Tree stands are heavy. And they come with a lot of different parts. Two things that longtime hunters already know, but for someone just starting out, these two factors may influence where you choose to build yours before actually attaching it to the tree. Or, if you’re like us, you may want to have a metal detector (to help find any bolts or screws that are dropped into the grass) and an ATV handy (to move the tree stand to its final destination) to help you after it’s built.
I have two spots on my property where I plan to install tree stands before bow season begins (and have food plots already growing away). One of the spots is already set because I’m using one of my husband’s tree stands. The other spot still needed a tree stand and we decided to put up the Brotherhood 2-Man Ladder Stand so my husband could be with me when I hunt in this location. Lucky for me, I not only get to utilize his hunting knowledge, but also his hunting gear assembly expertise as I don’t think this tree stand could have been assembled without him and my father-in-law, Mark Schmitt.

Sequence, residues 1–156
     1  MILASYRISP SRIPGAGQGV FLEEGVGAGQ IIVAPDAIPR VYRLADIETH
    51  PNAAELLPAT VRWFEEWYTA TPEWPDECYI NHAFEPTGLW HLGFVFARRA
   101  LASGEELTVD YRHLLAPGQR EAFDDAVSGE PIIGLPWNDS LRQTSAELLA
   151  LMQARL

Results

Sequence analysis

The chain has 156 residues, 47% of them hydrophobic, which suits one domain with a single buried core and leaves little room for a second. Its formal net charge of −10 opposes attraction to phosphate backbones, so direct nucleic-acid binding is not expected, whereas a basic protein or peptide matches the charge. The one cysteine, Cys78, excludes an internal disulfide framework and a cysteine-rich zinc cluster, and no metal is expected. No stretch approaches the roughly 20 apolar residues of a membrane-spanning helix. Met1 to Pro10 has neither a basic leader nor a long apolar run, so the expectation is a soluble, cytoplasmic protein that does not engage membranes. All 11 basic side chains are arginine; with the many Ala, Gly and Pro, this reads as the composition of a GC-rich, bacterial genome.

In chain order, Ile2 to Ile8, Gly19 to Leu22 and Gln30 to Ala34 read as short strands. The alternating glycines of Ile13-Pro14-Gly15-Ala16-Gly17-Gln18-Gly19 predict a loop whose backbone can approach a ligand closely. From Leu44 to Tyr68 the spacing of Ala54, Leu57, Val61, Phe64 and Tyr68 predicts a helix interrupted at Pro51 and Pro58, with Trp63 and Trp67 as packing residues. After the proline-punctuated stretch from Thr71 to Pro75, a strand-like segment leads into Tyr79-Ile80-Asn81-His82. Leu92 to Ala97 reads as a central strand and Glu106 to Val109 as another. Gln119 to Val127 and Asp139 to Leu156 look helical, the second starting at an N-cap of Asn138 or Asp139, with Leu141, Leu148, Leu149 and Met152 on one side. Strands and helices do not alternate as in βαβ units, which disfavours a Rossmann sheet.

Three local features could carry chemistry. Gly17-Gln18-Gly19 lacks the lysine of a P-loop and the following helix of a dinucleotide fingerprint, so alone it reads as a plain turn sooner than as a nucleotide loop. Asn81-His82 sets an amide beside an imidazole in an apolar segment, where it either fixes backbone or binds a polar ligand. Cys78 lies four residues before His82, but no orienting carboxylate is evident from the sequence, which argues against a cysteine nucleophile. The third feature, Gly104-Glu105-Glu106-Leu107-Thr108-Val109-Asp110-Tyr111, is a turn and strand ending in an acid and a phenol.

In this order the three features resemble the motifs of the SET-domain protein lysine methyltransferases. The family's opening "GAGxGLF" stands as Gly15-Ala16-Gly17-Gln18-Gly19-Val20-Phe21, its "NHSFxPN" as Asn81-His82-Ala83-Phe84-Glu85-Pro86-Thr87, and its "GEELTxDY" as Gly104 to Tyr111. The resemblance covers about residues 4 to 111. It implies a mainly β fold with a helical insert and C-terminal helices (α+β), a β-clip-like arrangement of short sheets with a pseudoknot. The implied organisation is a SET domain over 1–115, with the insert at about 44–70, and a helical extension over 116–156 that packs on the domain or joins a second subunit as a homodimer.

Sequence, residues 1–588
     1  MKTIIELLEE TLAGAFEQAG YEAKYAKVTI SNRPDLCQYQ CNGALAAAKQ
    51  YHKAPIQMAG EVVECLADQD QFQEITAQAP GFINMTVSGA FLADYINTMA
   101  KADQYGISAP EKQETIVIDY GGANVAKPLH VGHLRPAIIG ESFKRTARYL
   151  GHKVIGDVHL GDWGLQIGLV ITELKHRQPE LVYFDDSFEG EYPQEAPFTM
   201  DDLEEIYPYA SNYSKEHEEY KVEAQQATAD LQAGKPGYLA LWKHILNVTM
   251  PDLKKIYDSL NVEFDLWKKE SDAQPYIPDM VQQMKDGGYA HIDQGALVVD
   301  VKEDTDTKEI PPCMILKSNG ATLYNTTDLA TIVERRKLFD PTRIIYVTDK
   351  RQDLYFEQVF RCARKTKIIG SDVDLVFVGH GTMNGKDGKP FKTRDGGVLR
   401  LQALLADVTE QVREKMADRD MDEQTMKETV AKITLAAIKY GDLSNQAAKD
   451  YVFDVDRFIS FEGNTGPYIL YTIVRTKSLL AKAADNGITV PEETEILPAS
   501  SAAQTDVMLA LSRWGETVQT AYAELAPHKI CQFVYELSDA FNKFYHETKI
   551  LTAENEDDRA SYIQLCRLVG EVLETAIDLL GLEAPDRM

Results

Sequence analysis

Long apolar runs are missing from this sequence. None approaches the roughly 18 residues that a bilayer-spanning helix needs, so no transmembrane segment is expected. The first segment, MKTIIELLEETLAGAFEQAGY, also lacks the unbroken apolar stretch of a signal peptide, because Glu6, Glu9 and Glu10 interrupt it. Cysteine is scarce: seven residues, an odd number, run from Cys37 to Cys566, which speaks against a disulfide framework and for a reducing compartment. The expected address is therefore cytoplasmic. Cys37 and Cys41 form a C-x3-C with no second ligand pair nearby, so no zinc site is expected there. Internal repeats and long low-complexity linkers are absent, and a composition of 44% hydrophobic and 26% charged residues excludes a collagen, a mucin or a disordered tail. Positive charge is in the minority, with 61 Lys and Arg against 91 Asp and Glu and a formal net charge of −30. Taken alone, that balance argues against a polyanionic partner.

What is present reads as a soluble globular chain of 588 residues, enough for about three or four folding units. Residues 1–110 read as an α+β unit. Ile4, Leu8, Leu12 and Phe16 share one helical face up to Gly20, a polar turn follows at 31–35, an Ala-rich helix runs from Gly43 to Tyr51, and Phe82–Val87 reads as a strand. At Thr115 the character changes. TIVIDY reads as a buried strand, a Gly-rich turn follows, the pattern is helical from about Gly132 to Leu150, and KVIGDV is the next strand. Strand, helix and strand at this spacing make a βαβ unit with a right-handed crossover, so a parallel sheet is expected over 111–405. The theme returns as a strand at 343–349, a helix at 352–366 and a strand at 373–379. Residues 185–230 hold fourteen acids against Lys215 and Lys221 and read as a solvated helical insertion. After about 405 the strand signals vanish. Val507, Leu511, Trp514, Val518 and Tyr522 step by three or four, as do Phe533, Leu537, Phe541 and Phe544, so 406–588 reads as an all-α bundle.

This tree stand is going down to the edge of our property line where a few deer have been hanging out. Here’s a video of a buck in velvet in the exact area where this tree stand will be located!
No one told me how tricky this was going to be. Not only does this tree stand weigh a ton, but it’s also pretty awkward when trying to pull it up to its location. Using a basic pulley, we tied a rope to the front of our Honda Pioneer and pulled it up to where it needed to be. If we didn’t have this Pioneer, I’m not sure how we would’ve gotten the tree stand up!
But once it was up and secured to the tree, it’s not going anywhere!
Deer & Deer Hunting magazine is packed with exclusive articles and strategies to make you a better hunter. Today you are invited to receive 12 issues of the nation’s #1 whitetail hunting magazine for only $19.99. Click here and save 68%!